If time is money, then Brutoco Engineering & Construction Inc. has saved cash-strapped California officials both. The Fontana, Calif.-based company won an American Recovery and Reinvestment Act-funded contract in September to widen the congested 91 Freeway in Orange County. Its bid came in at about $20 million below and more than 400 working days under what California Dept. of Transportation (Caltrans) officials estimated. Brutoco believes it can do the job in about 300 working days, says Tracey Lavelle, a Caltrans spokeswoman. “This is a very aggressive timeline by the contractor,” she says.
The project came along at the right time for Brutoco, says Michael Murphy, president of the 43-year-old company. “[The bid] had a unique twist on it. [It] isn’t strictly low bid,” Murphy says. “It’s, ‘How fast can you do the job?’ ”
Brutoco had the staff available to start work on the freeway right away, Murphy says. “We’re in need of some work, just like everyone else,” he notes. “It fit us very well.” Work is expected to begin in late October or early November.
Brutoco will widen the freeway over a four-mile stretch and add an eastbound lane. The contractor also will erect a series of retaining walls. The project is meant to relieve congestion on the highway, a critical link which transports thousands of commuters daily to and from California’s so-called Inland Empire of San Bernardino and Riverside counties. It is the state’s third-largest metropolitan area, with more than 4 million residents. Work on the freeway was recently listed among 21 “must-do” projects in Southern California by Mobility 21, a transportation advocacy group.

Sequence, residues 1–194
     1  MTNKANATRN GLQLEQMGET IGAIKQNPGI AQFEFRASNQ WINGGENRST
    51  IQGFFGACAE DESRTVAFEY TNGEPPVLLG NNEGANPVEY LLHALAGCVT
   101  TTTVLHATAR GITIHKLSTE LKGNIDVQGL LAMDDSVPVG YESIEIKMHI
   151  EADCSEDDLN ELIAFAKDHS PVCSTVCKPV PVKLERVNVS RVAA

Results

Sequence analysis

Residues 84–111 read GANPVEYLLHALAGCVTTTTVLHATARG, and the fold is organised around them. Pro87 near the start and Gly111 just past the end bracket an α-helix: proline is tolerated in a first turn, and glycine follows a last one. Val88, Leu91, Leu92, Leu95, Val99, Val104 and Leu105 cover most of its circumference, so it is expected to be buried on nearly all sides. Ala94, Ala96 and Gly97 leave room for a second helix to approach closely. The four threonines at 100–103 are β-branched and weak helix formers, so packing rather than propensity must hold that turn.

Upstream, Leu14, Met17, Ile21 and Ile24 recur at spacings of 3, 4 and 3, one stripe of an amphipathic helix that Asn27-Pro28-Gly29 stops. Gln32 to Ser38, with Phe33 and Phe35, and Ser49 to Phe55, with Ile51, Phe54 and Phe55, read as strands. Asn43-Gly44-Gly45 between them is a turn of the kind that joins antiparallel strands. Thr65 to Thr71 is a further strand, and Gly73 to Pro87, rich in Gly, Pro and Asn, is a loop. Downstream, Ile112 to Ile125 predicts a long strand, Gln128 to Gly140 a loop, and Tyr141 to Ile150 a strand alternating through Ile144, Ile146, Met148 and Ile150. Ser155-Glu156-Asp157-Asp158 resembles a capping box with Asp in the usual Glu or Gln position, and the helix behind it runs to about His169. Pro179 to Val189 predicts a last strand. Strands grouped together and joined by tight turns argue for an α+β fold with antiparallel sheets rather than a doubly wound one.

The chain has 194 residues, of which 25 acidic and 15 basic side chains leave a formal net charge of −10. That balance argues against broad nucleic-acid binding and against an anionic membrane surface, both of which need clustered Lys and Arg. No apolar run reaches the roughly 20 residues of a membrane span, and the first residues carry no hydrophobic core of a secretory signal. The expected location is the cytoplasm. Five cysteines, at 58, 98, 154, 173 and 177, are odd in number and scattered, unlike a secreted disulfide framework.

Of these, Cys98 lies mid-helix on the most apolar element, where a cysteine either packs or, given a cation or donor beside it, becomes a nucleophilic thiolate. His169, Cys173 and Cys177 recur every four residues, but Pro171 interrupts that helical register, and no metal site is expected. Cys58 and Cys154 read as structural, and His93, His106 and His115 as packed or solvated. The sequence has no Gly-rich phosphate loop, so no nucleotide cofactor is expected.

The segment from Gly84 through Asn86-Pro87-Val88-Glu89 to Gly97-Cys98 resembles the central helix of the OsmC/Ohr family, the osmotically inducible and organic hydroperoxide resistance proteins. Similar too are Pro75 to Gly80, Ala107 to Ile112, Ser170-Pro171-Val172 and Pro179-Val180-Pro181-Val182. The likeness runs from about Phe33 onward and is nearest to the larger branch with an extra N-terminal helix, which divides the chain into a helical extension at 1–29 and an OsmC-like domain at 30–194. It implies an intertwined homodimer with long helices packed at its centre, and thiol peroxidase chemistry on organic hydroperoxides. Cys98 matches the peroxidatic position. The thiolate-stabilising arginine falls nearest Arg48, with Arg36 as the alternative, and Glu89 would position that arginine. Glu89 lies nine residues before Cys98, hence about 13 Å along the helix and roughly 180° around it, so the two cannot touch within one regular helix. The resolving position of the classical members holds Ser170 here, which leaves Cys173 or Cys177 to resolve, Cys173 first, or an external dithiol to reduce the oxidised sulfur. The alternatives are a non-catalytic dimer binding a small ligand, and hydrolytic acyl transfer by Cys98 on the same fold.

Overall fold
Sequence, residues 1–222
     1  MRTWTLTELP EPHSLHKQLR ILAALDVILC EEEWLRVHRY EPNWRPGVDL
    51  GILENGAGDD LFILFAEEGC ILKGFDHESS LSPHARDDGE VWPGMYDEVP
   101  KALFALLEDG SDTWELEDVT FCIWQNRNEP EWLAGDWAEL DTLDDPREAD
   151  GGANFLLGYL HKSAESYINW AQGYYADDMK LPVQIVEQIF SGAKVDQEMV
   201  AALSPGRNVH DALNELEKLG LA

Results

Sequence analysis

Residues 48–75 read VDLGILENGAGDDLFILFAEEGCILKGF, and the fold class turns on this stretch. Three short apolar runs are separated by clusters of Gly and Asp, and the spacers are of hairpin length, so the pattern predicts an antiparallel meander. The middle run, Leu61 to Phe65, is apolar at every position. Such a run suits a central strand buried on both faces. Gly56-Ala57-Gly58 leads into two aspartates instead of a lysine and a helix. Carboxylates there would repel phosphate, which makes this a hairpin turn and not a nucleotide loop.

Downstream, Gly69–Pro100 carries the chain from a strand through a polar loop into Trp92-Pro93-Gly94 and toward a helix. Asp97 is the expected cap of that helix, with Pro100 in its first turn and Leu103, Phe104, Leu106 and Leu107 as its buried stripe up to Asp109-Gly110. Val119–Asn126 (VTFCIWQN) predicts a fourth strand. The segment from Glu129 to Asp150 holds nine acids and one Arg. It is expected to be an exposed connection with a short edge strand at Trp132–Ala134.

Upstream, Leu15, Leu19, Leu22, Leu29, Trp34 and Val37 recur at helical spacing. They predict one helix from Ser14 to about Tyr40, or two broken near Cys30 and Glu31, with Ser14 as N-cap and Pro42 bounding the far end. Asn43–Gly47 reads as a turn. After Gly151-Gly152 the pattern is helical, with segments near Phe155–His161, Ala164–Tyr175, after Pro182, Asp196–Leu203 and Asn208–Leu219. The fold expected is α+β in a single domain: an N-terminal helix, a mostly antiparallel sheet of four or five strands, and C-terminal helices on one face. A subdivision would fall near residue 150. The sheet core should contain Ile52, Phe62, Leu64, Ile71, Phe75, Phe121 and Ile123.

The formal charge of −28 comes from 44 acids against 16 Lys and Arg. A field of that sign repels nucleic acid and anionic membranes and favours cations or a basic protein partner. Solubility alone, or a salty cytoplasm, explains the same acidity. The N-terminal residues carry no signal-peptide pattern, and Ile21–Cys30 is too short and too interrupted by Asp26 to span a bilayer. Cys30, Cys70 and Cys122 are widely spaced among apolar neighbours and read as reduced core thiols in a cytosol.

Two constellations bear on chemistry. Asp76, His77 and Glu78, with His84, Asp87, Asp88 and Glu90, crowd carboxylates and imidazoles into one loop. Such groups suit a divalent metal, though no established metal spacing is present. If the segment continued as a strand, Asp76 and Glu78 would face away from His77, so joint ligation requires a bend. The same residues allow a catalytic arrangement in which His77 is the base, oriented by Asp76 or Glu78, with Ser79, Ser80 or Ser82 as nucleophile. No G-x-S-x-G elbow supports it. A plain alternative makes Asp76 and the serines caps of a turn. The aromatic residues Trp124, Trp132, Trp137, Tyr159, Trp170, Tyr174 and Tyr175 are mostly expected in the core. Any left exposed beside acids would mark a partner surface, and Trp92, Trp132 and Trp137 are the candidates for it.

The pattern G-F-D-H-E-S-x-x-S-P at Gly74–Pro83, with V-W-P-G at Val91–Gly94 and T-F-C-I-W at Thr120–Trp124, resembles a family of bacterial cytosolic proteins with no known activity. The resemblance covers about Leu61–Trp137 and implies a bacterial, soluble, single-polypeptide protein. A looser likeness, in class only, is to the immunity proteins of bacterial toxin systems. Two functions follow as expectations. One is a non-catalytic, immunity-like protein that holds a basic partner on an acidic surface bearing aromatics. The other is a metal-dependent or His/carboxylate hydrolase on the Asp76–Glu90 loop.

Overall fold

The Orange County Transportation Authority, which received $67.8 million in ARRA funds, worked with Caltrans to put the freeway project out to bid. The authority now can invest the remaining stimulus money into other projects throughout the county, says Lavelle.
The job was slated to begin construction soon, even without ARRA funding. The infusion of stimulus cash keeps the project on track, especially as other state revenue sources, such as Proposition 1B funds, may become unavailable, Lavelle adds.
Brutoco has done similar fast-tracked projects in the past. For instance, Murphy says the company, in 1994, repaired a section of damaged freeway in 93 days after the Northridge earthquake.
But the largess is not without strings. Lavelle says stimulus funds on highway projects will require monthly reporting to the Federal Highway Administration. Brutoco will have some additional paperwork as well, but the firm is still glad to have the work.
“It’s the type of job we would have gone after, stimulus or not,” Murphy says.